China - Fengdu The City of Ghosts

Fengdu Ghost City – “The City of Ghosts” . . . a cheesy, tacky weirdness all about hell and full of “terrifying” dusty demons to dole out punishment to the wicked. Photo #11 by Rafael (Rafa http://www.micamara.es)

Hell at Fengdu Ghost City

Welcome to hell at Fengdu Ghost City. There are many statues of ghosts and of devils in the temples which describe the after-life where people who disobey ancient Chinese morals are punished in every horrifying ways. Photo #12 by Chiva Congelado

The photographer wrote and Google translated this pic to say, “Fengdu ghost town – although the eighth layer of hell judge the role of criminal law is punishing the evil is not the same place.” Just more WTF kind of bizarro hell trip amusement park is this, China? Photo #13 by DDTai

Fengdu ghost town - West Hell Siege peeling pestle pound iron pan weighing said cut sawing eye make up by cutting the heart and the magic potion kneel

Again, we are in “hell.” The photographer tagged this photo, according to Google Translate, with: “Fengdu ghost town – West Hell Siege peeling pestle pound iron pan weighing said cut sawing eye make up by cutting the heart and the magic potion kneel.” Indeed the language barrier and translations only add to the WTF freakishness. Photo #14 by DDTai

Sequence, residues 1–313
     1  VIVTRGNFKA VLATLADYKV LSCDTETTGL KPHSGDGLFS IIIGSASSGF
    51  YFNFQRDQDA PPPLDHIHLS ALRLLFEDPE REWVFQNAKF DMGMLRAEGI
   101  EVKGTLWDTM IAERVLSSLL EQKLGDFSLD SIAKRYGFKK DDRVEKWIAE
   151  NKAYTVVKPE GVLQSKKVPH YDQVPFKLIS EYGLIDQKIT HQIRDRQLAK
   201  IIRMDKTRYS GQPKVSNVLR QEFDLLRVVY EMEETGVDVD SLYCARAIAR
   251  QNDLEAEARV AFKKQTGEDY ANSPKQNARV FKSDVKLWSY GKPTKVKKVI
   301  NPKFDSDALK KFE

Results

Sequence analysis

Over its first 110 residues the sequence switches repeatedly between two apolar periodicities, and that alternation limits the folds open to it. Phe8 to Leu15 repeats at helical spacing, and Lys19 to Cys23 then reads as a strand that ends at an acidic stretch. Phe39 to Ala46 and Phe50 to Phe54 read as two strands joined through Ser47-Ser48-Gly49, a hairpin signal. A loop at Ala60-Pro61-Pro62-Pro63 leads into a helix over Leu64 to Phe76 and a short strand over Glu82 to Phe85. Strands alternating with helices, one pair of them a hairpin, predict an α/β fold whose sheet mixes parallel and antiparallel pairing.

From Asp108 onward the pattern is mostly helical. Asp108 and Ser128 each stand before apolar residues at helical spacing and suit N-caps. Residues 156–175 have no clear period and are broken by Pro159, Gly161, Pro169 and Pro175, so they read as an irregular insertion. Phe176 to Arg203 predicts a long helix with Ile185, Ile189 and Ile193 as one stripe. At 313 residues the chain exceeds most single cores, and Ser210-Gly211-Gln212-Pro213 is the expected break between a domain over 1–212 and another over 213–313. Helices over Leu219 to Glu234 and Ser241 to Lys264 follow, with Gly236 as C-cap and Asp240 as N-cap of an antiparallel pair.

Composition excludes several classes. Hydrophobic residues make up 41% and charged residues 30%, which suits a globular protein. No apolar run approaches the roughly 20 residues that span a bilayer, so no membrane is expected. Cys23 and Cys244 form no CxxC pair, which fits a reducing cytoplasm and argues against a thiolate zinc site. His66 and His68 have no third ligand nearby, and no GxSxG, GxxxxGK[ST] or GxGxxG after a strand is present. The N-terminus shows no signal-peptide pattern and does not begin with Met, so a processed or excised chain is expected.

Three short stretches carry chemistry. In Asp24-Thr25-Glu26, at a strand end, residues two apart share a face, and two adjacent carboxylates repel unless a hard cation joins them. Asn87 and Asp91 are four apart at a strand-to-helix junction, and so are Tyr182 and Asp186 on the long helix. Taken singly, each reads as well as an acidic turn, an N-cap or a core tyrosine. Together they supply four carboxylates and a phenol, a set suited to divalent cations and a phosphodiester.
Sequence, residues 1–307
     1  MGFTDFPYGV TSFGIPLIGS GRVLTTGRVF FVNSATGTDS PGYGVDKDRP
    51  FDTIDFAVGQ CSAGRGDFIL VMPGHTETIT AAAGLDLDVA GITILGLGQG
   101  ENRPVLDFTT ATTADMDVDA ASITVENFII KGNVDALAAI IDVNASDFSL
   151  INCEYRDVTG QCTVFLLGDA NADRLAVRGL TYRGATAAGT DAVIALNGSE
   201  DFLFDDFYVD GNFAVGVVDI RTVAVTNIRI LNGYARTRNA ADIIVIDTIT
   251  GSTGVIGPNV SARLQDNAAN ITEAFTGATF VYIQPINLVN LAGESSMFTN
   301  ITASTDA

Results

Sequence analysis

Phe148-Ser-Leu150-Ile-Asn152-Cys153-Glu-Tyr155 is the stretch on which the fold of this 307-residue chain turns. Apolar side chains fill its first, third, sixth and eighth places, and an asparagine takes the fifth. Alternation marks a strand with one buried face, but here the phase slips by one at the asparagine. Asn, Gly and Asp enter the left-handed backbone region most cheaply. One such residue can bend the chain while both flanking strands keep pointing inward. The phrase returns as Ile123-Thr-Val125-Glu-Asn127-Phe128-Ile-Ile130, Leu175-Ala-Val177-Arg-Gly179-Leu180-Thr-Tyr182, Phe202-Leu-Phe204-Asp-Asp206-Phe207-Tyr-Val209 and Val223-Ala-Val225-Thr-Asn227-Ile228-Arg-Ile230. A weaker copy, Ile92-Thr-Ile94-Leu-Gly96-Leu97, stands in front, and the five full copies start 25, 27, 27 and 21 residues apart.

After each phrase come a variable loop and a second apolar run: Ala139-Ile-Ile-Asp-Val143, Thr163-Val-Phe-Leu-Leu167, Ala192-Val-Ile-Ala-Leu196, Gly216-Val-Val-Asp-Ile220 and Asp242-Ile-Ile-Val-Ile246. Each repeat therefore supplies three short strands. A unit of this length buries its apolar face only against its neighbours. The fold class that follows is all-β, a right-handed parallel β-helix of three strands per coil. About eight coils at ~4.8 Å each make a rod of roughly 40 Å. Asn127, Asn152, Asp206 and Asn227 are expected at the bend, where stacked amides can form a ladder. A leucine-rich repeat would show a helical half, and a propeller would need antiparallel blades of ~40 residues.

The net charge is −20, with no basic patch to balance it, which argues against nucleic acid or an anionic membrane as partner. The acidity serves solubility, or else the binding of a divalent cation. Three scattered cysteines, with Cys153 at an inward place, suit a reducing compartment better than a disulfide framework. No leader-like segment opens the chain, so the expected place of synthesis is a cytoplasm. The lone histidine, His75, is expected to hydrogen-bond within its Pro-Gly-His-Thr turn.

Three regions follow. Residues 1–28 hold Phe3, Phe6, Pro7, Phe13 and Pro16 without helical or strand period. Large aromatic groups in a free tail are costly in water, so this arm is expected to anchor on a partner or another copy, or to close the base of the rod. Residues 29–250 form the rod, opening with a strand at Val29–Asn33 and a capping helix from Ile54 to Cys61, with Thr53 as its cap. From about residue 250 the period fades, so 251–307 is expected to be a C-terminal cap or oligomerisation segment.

Google translated this pic to say, “Fengdu ghost town – famous eighteen layers of hell what the hell sub-display approach in handling a wide range What goes around comes around.” Photo #15 by DDTai

Punishment and reincarnation

“Punishment and reincarnation.” Photo #16 by Chiva Congelado

WTF China - Hell at Fengdu Ghost City

WTF China – Hell at Fengdu Ghost City. Photo #17 by Chiva Congelado

Ghost of Lust at Fengdu Ghost City

This is the “Ghost of Lust.” Photo #18 by Gisling

Big Demon Ghost - Fengdu - Another of the Big Ghosts guarding the steps leading up to the Pass to Hell

Big Demon Ghost – Fengdu – Another of the Big Ghosts guarding the steps leading up to the Pass to Hell. Photo #19 by Terry Feuerborn

Fengdu - Drunkard - Ghosts lining the way to hell

Fengdu – Drunkard – Ghosts lining the way to hell. Photo #20 by Gisling

Fengdu Ghost City Wuyun Tower